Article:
It’s been a while since I did a blog on cultural doings in London (except tangentially in a review) but seeing not one but TWO gigs in 24 hours is a damned good excuse to celebrate London’s music scene coming back to life.
First was in a local pub, The Finsbury, where my mate Louis had a new band. The Finsbury is a gem in my area. The beer is good, the music is great and the management treat the artists well. Go there.
It must be two years or so since I saw a proper gig, which was probably Louis’ previous outfit, Deaf Surf, disbanded due to C***d. Happily, Mules have the same thumping post-punk engine room as DS supporting a singer with something to say and a good way of saying it.
With philosophical lyrics referencing the experience of pandemic, the futility of misplaced praxis and being lonely and bored one might be forgiven for thinking that you’d be in for a Sonic Youth exercise in seriosity. Mules have the musicianship of the Sonics but there’s also an underlying savage humour underlying what they do (well, ‘Plato’s f***ing cave’ made me laugh) which means that you can jump up and down, think, ‘yeah, that’s right’ and laugh at the same time. If you’ve got better knees than me anyway.
You can catch their new single, Clapping for Carers, on YouTube.
A mere half day after Mules I was sitting in the Wigmore for a feast of twentieth century piano served up by Kathryn Stott. Stott on my radar was Nott. But now she is. What a pianist! And what a programme. The sparseness of the crowd may have been a consequence of Omicron or it could have been that the words ‘twentieth century’ strike fear into the average Wigmore lizard. But I want more of what Stott dishes up. Philip Glass’s Etude No. 2 is a Spotify favourite but to hear it served up live was a treat beyond compare. However, the real find was Graham Fitkin, whose Relent was commissioned by Stott as a show-stopper for her 40th birthday recital. It was the perfect end to a great concert.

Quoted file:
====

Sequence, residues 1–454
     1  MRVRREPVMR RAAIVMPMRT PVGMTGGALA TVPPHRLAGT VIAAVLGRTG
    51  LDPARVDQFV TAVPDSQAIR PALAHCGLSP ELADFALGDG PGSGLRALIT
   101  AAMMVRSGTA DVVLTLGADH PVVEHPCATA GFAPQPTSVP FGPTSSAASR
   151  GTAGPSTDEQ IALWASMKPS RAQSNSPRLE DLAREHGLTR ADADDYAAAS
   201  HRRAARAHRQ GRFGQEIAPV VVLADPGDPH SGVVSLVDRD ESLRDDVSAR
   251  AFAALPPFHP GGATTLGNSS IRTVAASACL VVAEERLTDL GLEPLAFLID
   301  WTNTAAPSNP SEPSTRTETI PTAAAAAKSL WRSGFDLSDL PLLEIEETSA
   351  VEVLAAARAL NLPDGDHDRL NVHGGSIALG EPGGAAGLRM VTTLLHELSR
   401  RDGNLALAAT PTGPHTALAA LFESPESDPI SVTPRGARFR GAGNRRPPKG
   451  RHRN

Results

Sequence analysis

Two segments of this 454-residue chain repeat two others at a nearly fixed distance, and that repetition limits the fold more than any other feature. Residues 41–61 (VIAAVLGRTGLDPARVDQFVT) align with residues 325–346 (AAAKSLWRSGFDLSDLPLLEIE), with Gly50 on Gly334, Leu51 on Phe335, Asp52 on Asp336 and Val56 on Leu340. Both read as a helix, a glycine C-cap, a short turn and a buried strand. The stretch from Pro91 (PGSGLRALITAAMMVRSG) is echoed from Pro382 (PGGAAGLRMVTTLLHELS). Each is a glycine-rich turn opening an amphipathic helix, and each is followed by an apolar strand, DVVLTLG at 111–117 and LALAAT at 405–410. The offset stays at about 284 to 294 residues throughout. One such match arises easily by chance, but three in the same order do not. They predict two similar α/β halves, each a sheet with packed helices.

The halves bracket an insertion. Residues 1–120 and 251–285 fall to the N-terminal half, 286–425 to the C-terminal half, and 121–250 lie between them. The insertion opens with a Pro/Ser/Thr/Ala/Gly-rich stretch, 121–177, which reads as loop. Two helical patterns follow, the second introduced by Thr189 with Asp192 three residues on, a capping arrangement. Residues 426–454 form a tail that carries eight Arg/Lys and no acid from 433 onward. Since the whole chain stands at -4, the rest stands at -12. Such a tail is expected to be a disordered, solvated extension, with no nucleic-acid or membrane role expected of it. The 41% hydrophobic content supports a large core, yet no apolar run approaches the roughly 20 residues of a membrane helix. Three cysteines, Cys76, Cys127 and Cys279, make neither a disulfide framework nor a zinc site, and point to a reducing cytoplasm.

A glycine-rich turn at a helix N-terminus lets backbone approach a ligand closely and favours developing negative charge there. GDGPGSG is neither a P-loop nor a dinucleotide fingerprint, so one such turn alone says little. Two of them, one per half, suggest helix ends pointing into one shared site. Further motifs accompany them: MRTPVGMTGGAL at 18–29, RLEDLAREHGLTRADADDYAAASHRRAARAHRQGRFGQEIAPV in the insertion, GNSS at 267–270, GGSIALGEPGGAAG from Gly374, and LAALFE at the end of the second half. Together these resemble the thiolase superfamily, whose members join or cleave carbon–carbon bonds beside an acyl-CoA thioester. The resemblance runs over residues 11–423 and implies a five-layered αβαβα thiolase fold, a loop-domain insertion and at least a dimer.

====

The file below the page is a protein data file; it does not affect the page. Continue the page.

People, go to the Wigmore, the music there is rarely less than amazing whatever style or era the performers are serving. And just as importantly, if we can get some more punters in they might open the bar. It was awfully dry in there.
Blue Badge guide to London and academic specialising in early twentieth century history. Blogging on history, academia, and food and culture in the capital (and occasionally elsewhere).